34. DIFF: Display the differences between two files 

The “diff” command can be used to compare two files, and it will show the contents where they differ.

Example:

$ diff file1 file2

This command compares file1 and file2 and displays the difference.

35. DIRNAME: Convert a full pathname to just a path

When “dirname” is given a pathname, it will delete any suffix beginning with the last slash (‘/’) character and return the result

Example:

$ dirname /home/mydir/docs/

Output:

/home/mydir

This command will retrieve the directory-path name from a pathname ignoring any trailing slashes.

36. ED: A line-oriented text editor

The “ed” command is the standard UNIX text editor. It is used to create, display, modify and otherwise manipulate text files.

Example:

$ ed filename.txt

This command will open a file “filename.txt“ for any editing.

37.  JOIN: Join lines on a common field

The “join” command is used to join the lines of two files which share a common field of data.

Example:

File1.txt

John Raj

Sam Paul

File2.txt

John Sameer

Pal    Karan

$ join file1.txt file2.txt

Output:

John Raj Sameer

This command will display the above data as “John” is a common as a first word of both files.

38. NL: Number lines and write files

The “nl” command is used for numbering the lines from a file.

Example:

File1.txt

Abc

Def

Ghi

Jkl

Mno

$ nl file1.txt

Output:

1 Abc

2 Def

3 Ghi

4 Jkl

5 Mno

This command is used to number each line and display the result to standard output.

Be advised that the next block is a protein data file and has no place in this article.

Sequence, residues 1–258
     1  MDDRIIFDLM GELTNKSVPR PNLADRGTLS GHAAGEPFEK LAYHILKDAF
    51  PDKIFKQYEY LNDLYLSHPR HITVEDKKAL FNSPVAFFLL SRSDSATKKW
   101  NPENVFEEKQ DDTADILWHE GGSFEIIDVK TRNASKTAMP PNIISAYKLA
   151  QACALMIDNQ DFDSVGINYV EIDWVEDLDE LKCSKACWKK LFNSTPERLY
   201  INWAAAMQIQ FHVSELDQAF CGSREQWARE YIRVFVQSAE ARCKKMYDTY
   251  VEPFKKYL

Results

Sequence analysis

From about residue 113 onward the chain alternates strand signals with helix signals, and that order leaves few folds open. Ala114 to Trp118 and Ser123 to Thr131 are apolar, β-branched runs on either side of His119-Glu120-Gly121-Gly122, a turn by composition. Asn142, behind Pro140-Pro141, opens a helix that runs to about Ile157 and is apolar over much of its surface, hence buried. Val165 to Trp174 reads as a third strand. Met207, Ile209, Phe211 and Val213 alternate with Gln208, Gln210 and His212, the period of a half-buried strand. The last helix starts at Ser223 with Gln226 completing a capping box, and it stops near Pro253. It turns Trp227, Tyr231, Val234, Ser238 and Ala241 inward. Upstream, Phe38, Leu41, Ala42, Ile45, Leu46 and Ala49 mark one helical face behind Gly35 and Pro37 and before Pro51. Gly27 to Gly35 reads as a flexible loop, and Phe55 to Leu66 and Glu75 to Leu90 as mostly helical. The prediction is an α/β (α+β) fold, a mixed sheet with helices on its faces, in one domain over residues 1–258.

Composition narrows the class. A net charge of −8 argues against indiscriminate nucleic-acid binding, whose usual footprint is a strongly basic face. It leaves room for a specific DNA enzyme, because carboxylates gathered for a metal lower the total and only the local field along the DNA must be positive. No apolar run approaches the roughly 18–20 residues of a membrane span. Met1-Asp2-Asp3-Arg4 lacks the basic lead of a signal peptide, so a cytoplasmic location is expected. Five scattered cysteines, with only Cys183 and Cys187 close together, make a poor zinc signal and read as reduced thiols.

39. PASTE: Merge lines of files

The “paste” command is used to display the corresponding lines of multiple files side-by-side.

Example:

File1.txt

John Raj

Sam Paul

File2.txt

8898

2345

$ paste file1.txt file2.txt

Output:

John Raj 8898

Sam Paul 2345

This command displays the corresponding lines of file1.txt and file2.txt side-by-side.

40. SORT: Sort text files

The “sort” command is used to sort the contents of the file numerically or alphabetically.

Example:

File1.txt

apples

oranges

pears

kiwis

bananas

$ sort file1.txt

Output:

apples

bananas

kiwis

oranges

pears

This command will sort the lines in file “file1.txt” alphabetically.

41. SPELL: Check misspelled words

The “spell” command is used for spell-checking program which scans a text file for misspelled words, and prints each misspelled word on its own line.

Example;

File1.txt

Thisz is a test message

Find out all the miztakes

File2.txt

This iz a test message

Find outz all the mistakes

$ spell –on file1.text file2.txt

[ -o is used to print the filename and –n is used to print line number of each misspelled word]

Output:

File1.txt:1: thisz

File1.txt:2: miztakes

File2.txt:1:iz

File2.txt:2: outz